COURTSHIP. It would perhaps be one of the most difficult tasks that could be required of any person, to lay down precise rules for the guidance of another, as to the mode of conduct to be pursued during the period of courtship, as a prelude to entering the holy precincts of matrimony. For as the insidious little urchin, love, finds innumerable avenues to the human heart, so must the mode of courtship be guided, governed, and carried on, by an equal variety of ways, suited at once to the impressions made on the mind of the wooer, and to the temper and dispositions, propensities and qualifications of the wooed. In spite of the general opinion that our affections are for the most part, placed upon persons of congenial feelings, sentiments, tastes, and inclinations, with our own, it frequently happens that the tormentor of mankind plants his envenomed sting in bosoms of directly opposite natures, and daily experience teaches us the difficulty we have to encounter, when once the fatal shaft is let fly. This important fact may be established by reference to both sexes; for although it is most natural for courtship to be commenced by the male part of the creation towards the female, it is equally certain that it is frequently commenced by the latter. Nay, oftentimes without determination or intention (by a thousand nameless kindnesses and solicitudes) for some time even without discovery. Nor can I find in my heart to cast blame upon the wooer, even under such circumstances, though I would willingly warn my fair countrywomen against a too hasty attachment to any object, however apparently desirable: notwithstanding it bas been very justly observed that
“Of all the passions giv’n us from above,
The noblest, softest, and the best is love." It is of the utmost importance for them to be thoroughly convinced of the sincerity of the professions, as well as acquainted with the general bent of the mind, of the man to whom they pay any thing like marked attention-before they suffer themselves to be drawn into situations which may probably blight their early hopes of happiness, and render the latter part of their lives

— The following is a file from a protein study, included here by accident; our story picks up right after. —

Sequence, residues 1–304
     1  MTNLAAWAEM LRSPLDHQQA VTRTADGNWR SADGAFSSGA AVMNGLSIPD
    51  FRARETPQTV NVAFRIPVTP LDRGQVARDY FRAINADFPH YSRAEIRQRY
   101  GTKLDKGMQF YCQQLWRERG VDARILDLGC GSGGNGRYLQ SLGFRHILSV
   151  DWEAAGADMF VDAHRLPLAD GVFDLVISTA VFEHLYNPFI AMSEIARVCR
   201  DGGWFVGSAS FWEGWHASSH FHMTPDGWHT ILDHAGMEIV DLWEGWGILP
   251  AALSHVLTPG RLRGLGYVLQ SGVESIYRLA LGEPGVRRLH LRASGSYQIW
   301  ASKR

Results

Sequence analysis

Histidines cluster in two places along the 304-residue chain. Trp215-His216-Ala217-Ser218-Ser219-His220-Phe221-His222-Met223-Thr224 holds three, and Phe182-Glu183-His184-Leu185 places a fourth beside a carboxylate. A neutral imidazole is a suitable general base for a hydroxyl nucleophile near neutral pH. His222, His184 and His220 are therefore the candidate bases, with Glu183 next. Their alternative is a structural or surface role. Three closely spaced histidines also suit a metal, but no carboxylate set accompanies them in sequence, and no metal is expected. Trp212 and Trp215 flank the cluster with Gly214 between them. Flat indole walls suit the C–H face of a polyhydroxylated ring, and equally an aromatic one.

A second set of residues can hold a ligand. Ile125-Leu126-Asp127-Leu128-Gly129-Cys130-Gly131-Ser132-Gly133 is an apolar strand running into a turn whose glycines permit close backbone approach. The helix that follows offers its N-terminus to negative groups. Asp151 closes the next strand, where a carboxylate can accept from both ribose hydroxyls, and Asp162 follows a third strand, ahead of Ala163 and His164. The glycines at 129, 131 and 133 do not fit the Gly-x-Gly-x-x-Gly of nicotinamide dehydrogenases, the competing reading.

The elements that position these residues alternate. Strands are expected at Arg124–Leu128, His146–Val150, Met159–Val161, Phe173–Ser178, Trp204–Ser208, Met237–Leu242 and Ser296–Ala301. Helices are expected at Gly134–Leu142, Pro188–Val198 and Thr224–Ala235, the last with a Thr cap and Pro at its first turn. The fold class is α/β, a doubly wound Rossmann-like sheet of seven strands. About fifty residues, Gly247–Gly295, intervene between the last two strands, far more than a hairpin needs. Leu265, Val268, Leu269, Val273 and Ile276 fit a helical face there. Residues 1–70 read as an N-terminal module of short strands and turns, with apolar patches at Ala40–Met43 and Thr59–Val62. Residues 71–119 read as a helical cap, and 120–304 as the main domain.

burdensome. I am inclined to think that hasty marriages are seldom happy ones-love at first sight may have been strongly impressed upon the heart, but it should be mellowed and softened by time and scrutinizing observation.
It is important to both parties, that by frequent association, the sentiments and dispositions, should, if possible, be ascertained, in order to discover whether in the state of matrimony, they can combine, compare, establish, or remove, opinions founded in prejudice, or in error, from which association alone, mutual happiness in wedded life can be anticipated.
The embarrassments, the hopes, the doubts, the fears of young lovers are not to be described, no one can know, but those who have felt them ; and it is more than probable, that if the attempt were made, no two persons would describe similar feelings, under similar impressions. The grand difficulty, however, I apprehend to be, in making the declaration. The time--the place--the manner, of conveying this important piece of information to a sincerely beloved object, require due consideration. The delightful anticipations of its being received with a smile of appro
bation, and rewarded with a return, are checked by the apprehensions of an indifferent reply, or a negative to all hope, which renders the situation truly difficult
How many tedious days, and sleepless nights, are consumed in anxieties unimaginable, till this desirable object is accomplished ! so many circumstances are to be taken into consideration, that it is not easy to arrive at any decision : added to which, secrecy appears to be a necessary precaution.